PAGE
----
9 © 2008 PSI Botswana Campaign Approach Campaign identity: branding and consistent central message Multi-stakeholder, with each district responsible for developing a local MCP plan –Campaign coordinating unit at the National AIDS Coordinating Agency –PSI role: Lead Technical Agency Components of the campaign: –Intensive, extensive sensitization on MCP MCP Ambassadors –Both standalone communications on MCP and integration of MCP messages into wide range of existing interventions Standalone: –Channel mix: interpersonal, community theatre, facilitated community discussions, outdoor advertising, radio and TV dramas Integration: –HIV counselling and testing, PMTCT, ARV, STI, lifeskills, couples counselling, etc. –Advocacy –Research and evaluation

10 © 2008 PSI Existing Program in Mozambique Objective: Develop a MCP-themed module to integrate into existing IPC program 135 community agents & 15 theater groups targeting general population Use a themed messaging strategy focusing on key determinants of behavior found to be significant in PSI’s surveys

11 © 2008 PSI MCP in Mozambique Helen Epstein (journalist and author of The Invisible Cure) served as a consultant to develop the MCP module Module was pre-tested and is currently being rolled out in 2 provinces Module aims to: –Create interactive community discussions on the risks of MCP and to empower/motivate community members to change individual and collective sexual experience –Strengthen and reinforce local capacity to develop solutions that are in line with realities of the community

12 © 2008 PSI MCP Integration into HIV Counseling & Testing (CT) Incorporating MCP messages into post-test counseling in CT sites Counselors trained to address MCP in post-test counseling in generalized epidemics and where relevant in concentrated epidemics –Zimbabwe: participatory material development process to design an MCP-themed job aid for counselors

13 © 2008 PSI MCP Integration into CT Post-test counseling now include messages about acute HIV infection when relevant In Zimbabwe couples with discordant results are informed that the negative partner may be in the acute HIV infection stage and should return for another test in 4 weeks Individual with indeterminate test results (+/-) –Refer blood for antigen testing (PCR)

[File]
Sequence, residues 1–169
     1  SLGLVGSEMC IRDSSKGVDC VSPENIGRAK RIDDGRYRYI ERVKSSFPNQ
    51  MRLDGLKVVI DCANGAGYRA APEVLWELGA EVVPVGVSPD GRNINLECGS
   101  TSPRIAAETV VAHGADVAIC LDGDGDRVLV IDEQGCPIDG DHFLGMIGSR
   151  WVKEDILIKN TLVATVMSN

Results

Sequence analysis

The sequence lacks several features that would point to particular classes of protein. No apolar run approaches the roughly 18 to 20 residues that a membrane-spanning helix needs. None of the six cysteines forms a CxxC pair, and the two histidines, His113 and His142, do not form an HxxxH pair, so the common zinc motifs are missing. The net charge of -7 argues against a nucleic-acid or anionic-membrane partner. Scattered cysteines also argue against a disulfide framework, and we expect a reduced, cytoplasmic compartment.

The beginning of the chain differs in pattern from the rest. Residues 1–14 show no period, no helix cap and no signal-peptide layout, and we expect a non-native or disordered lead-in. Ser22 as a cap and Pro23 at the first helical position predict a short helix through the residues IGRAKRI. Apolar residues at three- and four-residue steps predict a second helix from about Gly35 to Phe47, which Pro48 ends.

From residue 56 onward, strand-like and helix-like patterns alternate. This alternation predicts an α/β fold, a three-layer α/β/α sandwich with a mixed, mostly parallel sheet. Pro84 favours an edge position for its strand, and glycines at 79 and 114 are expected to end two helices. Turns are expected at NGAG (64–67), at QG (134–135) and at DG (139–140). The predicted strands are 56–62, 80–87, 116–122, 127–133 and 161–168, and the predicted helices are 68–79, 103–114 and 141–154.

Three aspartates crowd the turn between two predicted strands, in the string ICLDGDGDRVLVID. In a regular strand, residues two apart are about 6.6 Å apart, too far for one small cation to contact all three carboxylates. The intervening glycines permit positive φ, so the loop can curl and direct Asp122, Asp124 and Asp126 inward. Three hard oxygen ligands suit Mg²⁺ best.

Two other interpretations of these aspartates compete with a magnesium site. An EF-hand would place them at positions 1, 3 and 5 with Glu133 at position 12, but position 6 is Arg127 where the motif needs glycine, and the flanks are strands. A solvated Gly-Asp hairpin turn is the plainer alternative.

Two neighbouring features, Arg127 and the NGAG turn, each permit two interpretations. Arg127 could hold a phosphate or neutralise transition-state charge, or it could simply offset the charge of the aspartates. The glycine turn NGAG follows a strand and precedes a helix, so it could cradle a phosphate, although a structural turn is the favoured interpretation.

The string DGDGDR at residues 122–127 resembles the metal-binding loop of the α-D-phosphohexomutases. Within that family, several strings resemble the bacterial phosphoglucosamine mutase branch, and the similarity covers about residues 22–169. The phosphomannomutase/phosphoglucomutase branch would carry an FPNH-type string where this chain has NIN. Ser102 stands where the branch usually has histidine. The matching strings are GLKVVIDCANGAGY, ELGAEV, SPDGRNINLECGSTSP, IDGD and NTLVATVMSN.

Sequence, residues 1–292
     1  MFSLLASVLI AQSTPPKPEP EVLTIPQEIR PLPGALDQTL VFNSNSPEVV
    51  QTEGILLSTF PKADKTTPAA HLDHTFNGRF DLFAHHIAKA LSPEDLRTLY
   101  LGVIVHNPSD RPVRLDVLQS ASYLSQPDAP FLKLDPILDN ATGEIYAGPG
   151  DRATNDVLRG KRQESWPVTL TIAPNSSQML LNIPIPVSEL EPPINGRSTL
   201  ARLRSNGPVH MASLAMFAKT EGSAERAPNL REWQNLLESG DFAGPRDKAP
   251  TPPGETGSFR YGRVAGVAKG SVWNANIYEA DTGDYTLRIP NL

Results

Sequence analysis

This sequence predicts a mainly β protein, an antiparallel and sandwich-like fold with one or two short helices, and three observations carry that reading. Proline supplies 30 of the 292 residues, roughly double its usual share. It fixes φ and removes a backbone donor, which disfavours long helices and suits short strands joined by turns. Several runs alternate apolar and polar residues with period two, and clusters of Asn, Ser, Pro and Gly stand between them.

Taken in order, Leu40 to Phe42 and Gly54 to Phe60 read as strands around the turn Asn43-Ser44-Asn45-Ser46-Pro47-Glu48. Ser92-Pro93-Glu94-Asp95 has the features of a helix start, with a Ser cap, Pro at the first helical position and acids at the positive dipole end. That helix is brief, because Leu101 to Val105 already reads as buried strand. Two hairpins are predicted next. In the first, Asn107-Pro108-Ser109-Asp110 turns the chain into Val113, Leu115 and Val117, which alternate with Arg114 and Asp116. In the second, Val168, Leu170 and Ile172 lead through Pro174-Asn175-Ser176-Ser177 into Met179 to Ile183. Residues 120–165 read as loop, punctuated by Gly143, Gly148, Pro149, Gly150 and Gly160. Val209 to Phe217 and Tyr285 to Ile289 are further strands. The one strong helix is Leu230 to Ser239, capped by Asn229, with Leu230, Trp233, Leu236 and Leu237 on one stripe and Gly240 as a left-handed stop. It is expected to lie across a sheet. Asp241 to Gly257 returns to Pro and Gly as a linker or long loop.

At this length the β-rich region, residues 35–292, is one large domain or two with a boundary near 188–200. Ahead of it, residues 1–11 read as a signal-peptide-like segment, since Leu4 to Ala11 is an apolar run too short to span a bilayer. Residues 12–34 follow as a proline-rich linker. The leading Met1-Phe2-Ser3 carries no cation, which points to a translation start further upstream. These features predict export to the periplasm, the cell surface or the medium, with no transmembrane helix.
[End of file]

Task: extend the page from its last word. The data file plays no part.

14 © 2008 PSI MCP Research Qualitative and quantitative research conducted in Botswana, Kenya, Mozambique, South Africa, Zambia, and Zimbabwe –Aimed at identifying the key determinants of MCP –For example, Zimbabwe identified gender norms, locus of control, outcome expectations, perceived benefits, threat, social norms, and quality of relationships Different ways of asking about the prevalence of MCP yield different results (e.g., Botswana tried three ways of asking about MCP, and in two of them men reported higher rates of MCP, while in the third men and women reported equal rates)

15 © 2008 PSI Conclusions “Knowledge & awareness first” strategy allows programs to get started while conducting the appropriate research Existing IPC/CT program structures allow for integration of new ideas and quick roll-out at the field level Because current IPC program models change message themes regularly, programs have capacity to develop new materials and train IPC staff quickly Good for programs with rural populations and small communities

16 © 2008 PSI Challenges What is the appropriate call to action? Should there be a call to action? Deciding how to prioritize messages Developing a promise (emotional benefit) that is meaningful to the audience With a two-phased campaign, the 1st phase establishes the positioning of the 2nd

17 © 2008 PSI Challenges MCP is a complex issue: we don’t really know what works Trying to change societal norms about sex and create new relationship norms is tough How to stimulate open discussion and debate on a traditionally private issue

18 © 2008 PSI Acknowledgements Arild Drivdal, Dvora Joseph: PSI/Mozambique Toby Kasper, Diana Gourvevec: PSI/Botswana Dr. Krishna Jafa: PSI/Zimbabwe Navendu Shekhar: PSI Research Department, South Africa Jessica Greene: HIV Department, PSI

19 © 2008 PSI Thank you For more information, please contact: Douglas Call –